No-one spoke about what was going on; I had to over-hear the accounts of wife-beating, of a gold-digger marrying the terminally ill aunt who was the person I loved most in the world; of why another aunt had to be sedated for the vast journey across Somerset; of why the aunt who didn’t get out of bed occasionally threw furniture at visitors. Even as a young kid, I knew she must have been so distressed because I was left in the car outside willing myself to think of something else. ‘Bang!’ That’ll be the bedside table. I was told to shut up when I asked. Because everyone was so dead keen on stifling things, it almost killed me when my father cried at said married-to-a-gold-digger aunt’s funeral. And he was furious with me that I had seen it and belted me for it because his shame was so great. I am aware that my family was dysfunctional, but because they were such pillars of the community — and had apparently joined the middle classes now — there was no-one to tell because, as I wrote in my novel, ‘Who would believe you?’ Ah, keeping up appearances does a lot of damage, does it not?

I could also witness, within my own home, familial mood swings that, to me, were terrifying and I do believe that the secrecy and lack of articulation made me into a frightened child and probably adult, too. Because my family (albeit ineptly) covered it up, it felt worse; moreover I was always taught that moods, and PMT and adolescence and passion and crying apart from alone were signs of the most hideous weakness; at least two of my cousins suffered from eating disorders: no-one called them that; despite the fact that they appeared to be wasting away and there was one cousin whose scratches from self-harming I could clearly see. I feel and see this all so clearly now and I know that I desperately wanted to talk to someone about it all.  When you become a parent, maybe you feel more acutely for your child self? And this child self needed to be told that she was okay and coping and she wishes that there had been someone to say, ‘It isn’t you, kid’ or ‘Mental health problems and mental illness are not weakness’ or ‘Your family’s suppression of anything that looks shameful is actually the unhealthy part and totally sucks because the problems are so clearly there.’ And I needed that talk about it because also, as a small child, I began to develop problems myself, in my topsy-turvy, back-to-front world.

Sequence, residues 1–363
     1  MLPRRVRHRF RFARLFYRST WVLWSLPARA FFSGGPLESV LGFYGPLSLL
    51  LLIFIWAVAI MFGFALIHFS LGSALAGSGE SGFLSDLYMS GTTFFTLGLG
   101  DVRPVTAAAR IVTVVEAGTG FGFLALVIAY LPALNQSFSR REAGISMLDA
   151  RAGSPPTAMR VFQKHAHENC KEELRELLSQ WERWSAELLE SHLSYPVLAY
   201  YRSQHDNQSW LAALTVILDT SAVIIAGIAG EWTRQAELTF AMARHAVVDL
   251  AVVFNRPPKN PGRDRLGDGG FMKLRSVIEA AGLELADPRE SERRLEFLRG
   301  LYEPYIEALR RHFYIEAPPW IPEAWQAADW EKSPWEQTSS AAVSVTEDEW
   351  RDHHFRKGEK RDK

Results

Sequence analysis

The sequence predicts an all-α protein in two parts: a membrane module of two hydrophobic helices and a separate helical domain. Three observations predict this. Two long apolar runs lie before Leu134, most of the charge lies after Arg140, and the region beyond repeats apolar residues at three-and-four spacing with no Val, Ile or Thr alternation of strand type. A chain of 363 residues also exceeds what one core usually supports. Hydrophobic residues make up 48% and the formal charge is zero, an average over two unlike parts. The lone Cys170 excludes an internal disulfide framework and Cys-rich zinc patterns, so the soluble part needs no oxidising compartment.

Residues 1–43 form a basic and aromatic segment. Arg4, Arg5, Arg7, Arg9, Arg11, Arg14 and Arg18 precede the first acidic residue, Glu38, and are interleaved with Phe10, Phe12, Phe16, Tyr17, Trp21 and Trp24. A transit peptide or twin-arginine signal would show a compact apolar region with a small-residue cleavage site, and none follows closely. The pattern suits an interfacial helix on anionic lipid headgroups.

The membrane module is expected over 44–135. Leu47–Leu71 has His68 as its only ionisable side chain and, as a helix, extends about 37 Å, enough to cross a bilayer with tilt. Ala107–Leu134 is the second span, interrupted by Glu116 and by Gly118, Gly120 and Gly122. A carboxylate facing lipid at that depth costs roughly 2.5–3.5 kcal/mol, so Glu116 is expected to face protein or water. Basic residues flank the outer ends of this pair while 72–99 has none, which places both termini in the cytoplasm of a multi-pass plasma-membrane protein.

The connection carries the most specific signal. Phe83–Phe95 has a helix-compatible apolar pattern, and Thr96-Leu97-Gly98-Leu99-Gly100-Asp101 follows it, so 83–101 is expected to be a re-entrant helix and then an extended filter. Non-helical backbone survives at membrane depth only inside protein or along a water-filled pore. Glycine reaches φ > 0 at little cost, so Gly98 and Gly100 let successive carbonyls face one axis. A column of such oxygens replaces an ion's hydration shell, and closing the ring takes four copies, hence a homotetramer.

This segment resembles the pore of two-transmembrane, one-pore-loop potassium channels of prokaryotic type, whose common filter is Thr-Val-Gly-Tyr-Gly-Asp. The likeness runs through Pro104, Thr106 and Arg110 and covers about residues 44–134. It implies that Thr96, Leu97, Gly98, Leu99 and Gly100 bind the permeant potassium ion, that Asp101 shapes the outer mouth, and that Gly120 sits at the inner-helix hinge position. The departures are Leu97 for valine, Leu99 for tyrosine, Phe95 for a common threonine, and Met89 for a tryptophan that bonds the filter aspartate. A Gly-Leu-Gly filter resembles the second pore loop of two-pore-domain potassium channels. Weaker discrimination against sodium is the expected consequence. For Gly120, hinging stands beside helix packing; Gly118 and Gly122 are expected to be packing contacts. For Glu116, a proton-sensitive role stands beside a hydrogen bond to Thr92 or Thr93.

My black comedy, sort of bildungsroman of a novel explores the ways in which a child develops problems of some dimensions, has not a soul to tell, is traumatised by many key events in her childhood and is very fearful and full of self-loathing; she scratches and pounds upon herself and uses her imagination to populate a world which, to her, makes no sense. This kid also develops an alter ego who turns nasty. What can I say? I was a funny little girl, but I survived with my unorthodox means. Unfortunately, I also had years of mental health problems — OCD, panic attacks, generalised anxiety disorder, self-harming, extremely poor coping skills in the face of stress, periods of depression — and I thought that I was a ghastly person who had brought terrible things upon her family and, possibly, on others too; an individual whose presence was always deleterious to those around her.  I believe that, at the heart of depression (I am with the Australian psychologist Dorothy Rowe on this one),there is a sense one is a bad person, a wicked person; this, unsurprisingly, colours all events that happen to one, making a person feel responsible for things they were not, finding pattens of failure and let-downs and things they can’t do and shouldn’t have entertained. That was me and it took me a long time and many false starts to get better; it was a combination of culling a few people, dead and alive, I am afraid (you’ll have to read the book!), surrounding myself with a good community of friends and getting the appropriate therapeutic support after other systems didn’t work. It was CAT (cognitive analytic therapy) delivered with stupendous skill and compassion that did it and when this worked I want to tell you that things were a different colour and that I fell on the floor, cataleptic with relief. THAT is what skilled support delivered for me and my heart bleeds to think that others cannot access it because they do not have a supportive GP, because they feel they cannot advocate for themselves, because funding is such that the help is sparse — which is the reality in the UK — or because they have always harboured a sense of shame (thus cannot tell anyone) or never received any useful knowledge or information and find themselves stymied by fear: what is happening?  Had I been able to ask and tell as a child, would things have been different? I think it likely, although I am no health professional, that they would.

Let me return to that quotation from the beginning of this article.

‘It is a testament to these children that they went off and out, knowing that they were loved. And knowing you are loved is all, perhaps. Not feeling guilty; dirty; too responsible too soon, or with a head full of macabre images and angels howling.’